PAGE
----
Friday, September 29, 2006

How To Be Man's Best Friend

Yes, there exists a self-help article that will help you be like your dog. (Link fixed, Thanks, Salil!)

There's so much more on WikiHow, but it's a Friday, so I will let you explore its embarrassment of riches all by yourself.

Wednesday, September 27, 2006

Buddha Vanishes; Inspector Clouseau Is On The Job

India has alerted Interpol after 18 priceless antique Buddha statues were stolen from a Bihar museum, police say.
The museum, btw, is right next to a police station. And how about this paragraph from the article:
Forensic experts are examining fingerprints at the gallery and police say they suspect the involvement of a major international criminal gang.
How did Bihar's Finest figure that out? Did the thieves leave a monogrammed glove?

Well, the police better start rubbing Maitreya's belly if they want good luck for this pursuit. (Above image taken from an page)

Tuesday, September 26, 2006

Watch Me Watch You

A PERSON'S GAZE has weight, resistance, muscularity. Clearly, there are people who use their eyes well. You know them: the sales rep, the fundraiser, the tyrannical supervisor. Their eyes force the question. These people may be as dumb as streetlamps, but they are an undeniable presence in the room. They know they must be dealt with. You know it, too.
Establishing and maintaining eye contact is hard for most people. Nervous foot tapping can be ceased, nail-biting stopped, tightly folded arms can be loosened, but eye contact? It's either there or not there. And when it's not there, it usually points to a "problem".

More here. Read it to get rich, get laid or even just to avoid work. (Link to SmartMoney)

Monday, September 25, 2006

How The Gods Kill

Kamat's Potpourri has an interesting post titled "Rama's Mistake" about Rama killing the King of the Monkeys, Vali. (The full story. Kamat's site has a more "reader-friendly" version of the legend.)

Moral of the story: If you monkey around with your brother's wife, be prepared for some fatal ass-kicking.

Ever wonder if Rama attracted these violent situations into his life by virtue of being so moral and upright?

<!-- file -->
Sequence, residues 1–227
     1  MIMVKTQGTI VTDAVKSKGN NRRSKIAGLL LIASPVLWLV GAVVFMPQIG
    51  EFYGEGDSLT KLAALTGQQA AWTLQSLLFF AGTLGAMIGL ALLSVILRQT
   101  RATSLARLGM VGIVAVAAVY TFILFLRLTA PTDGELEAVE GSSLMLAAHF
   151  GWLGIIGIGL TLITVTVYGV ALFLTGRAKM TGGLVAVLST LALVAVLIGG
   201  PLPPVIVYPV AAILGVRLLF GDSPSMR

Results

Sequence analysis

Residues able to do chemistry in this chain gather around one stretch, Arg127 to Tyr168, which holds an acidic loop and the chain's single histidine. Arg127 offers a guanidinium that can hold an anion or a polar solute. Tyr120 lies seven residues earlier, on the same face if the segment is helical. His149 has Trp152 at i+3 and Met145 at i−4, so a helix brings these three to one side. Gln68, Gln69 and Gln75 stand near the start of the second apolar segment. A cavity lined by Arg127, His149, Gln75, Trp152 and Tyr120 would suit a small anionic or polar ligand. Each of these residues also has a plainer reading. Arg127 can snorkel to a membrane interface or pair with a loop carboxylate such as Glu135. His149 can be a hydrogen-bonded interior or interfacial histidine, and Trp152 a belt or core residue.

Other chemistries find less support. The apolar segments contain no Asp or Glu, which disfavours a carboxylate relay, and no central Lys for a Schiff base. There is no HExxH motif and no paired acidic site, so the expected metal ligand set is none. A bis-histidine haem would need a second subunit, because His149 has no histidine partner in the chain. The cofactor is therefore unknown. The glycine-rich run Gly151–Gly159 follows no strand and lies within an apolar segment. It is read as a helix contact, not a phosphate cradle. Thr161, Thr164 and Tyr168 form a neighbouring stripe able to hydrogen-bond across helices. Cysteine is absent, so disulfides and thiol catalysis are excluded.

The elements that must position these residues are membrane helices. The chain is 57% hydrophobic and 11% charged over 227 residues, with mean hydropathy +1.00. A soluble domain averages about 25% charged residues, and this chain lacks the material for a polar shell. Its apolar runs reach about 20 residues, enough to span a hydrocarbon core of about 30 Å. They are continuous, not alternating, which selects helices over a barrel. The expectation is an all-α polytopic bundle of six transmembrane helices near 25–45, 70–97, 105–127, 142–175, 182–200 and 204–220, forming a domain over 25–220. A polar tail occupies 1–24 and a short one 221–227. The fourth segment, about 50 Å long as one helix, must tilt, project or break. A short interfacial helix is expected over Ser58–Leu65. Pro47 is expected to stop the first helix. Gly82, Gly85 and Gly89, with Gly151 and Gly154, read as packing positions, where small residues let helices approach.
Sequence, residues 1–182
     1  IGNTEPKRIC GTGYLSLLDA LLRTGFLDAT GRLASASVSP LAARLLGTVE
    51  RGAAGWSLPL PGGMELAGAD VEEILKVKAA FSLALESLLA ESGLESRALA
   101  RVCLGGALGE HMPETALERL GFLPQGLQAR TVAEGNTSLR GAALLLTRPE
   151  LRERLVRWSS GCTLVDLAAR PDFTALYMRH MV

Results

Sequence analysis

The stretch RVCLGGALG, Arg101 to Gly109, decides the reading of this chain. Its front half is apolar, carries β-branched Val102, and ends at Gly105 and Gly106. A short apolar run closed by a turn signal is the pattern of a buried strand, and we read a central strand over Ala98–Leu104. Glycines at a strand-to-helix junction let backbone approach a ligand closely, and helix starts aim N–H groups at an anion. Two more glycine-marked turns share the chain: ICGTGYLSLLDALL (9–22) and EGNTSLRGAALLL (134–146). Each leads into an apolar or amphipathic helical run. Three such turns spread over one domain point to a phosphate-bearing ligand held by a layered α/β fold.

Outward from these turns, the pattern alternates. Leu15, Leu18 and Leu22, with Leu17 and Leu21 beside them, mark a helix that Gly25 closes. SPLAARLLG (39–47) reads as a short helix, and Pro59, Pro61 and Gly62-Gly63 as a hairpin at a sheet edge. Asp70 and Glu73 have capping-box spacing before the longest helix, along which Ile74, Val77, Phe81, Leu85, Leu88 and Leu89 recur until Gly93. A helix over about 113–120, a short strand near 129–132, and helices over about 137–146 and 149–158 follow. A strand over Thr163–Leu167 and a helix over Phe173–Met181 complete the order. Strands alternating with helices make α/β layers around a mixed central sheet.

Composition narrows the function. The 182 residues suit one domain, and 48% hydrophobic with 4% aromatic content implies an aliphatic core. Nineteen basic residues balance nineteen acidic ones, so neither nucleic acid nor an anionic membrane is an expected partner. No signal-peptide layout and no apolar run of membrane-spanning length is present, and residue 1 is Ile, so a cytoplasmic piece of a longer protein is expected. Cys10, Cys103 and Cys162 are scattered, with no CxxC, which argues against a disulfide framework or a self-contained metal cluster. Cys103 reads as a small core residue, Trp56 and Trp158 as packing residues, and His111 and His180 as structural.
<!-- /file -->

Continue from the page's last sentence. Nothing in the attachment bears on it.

During my Ramlila-watching days, the Vali episode would always leave me just a little cold. Why couldn't a God distinguish between Sugreeva and Vali? Why did he shoot that arrow at Vali's back?

But this, and a couple of Rama's other equally disturbing choices, make the epic more "real". And maybe Ramayan is not about a "fully actualized God" but about a man on his way to "Godhood".

Bela Believes

This week's "I Believe" on NPR featured the guru of the Banjo, Bela Fleck. Ever the unusual interpreter of things, he talks about music, Gershwin and his grandfather's plumbing and about figuring things out his own way.

I Believe. (Link to NPR)

(According to Bela's website, he's working on a new album with his new friend)

Saturday, September 23, 2006

Friday, September 22, 2006

When A Fondle Becomes A Squeeze

"Based on general life experience alone, it is indisputably clear that a 25,500 euro charge is disproportionate to the compensation in question," Judge Hasse Hakki, who heard the case, told Reuters Friday.
Your Honor, we would love to hear more about your general life experiences. (SFW. Link to Yahoo)

A Glistening Drop Of Dew

Bohu din dhore, bohu krosh dure,
bohu byay kori, bohu desh ghure,
Dekhite giyachhi parbotmala, dekhite giyachhi sindhu,
Dekha hoy nai chokkhu meliya,
Ghar hote shudhu dui pa feliya,
Ekti dhaner shisher upore ekti shishir bindu.

(Trans: I traveled miles, for many a year,
I spent a lot in lands afar,
I’ve gone to see the mountains, the oceans I’ve been to view.
But I haven’t seen with these eyes
Just two steps from my home lies
On a sheaf of paddy grain, a glistening drop of dew.)
Joyful arrives at a very Zen-like conclusion about the city of Hyderabad, and on the way, quotes a beautiful Tagore poem. He also has a little gem of information in his commentspace about this poem and Satyajit Ray.

Doesn't that poem remind you of the atmosphere from Led Zeppelin III?

Thursday, September 21, 2006

Ring My Friend I Said You'd Call Dr. Riley

Uh-oh. Another Beatles' mystery solved. How long before someone tells us Paul is not really dead?

And just how does a dentist go from "Mr. Lennon, you must brush your teeth every night" to "would you like some LSD in your Listerine"?

Think about it for a second - were it not for a bold dentist, there would be no acid rock. The antiestablishment needs the establishment.

Wednesday, September 20, 2006

Now They Tell Us

It's official. Homework is "at best a waste of time and at worst a source of tedious vexation." That sound you hear is the sound of a billion parents sobbing guiltily. (Link to

I am proud to say that I had figured this one out all by myself at the age of six.

I'm Thinkin' 'Bout The Lions

What do you get when you cross an Asiatic lion with an African circus lion?

A sickly, dying, immuno-deficient cat.

Story at Uma's.

Tuesday, September 19, 2006

Filling All Fruit With Ripeness To The Core

Fall is almost here and with it come friends and relatives. Colors! We want to see Fall colors! Why doesn't that tree have more colors! They want nothing less than a kaleidoscope-on-acid experience.

The Independent Traveler has a short but very handy guide to foliage viewing in the Northeastern USA. (link via Yahoo)

The best Fall colors I've ever seen are on my television - in the opening shots of Douglas Sirk's masterpiece melodrama, "All That Heaven Allows".

Just kidding. I prefer the mid-Atlantic/NJ area to the more popular New England sites because this area has a greater variety of trees, and therefore, a greater variety of colors on display.

Monday, September 18, 2006

Cinema Cinema

Anyone noticed a curious bit of dialogue in "Lage Raho Munnabhai"? The DJ character asks Munnabhai if he has ever lied in his life. The character responds, "only once, in 1992".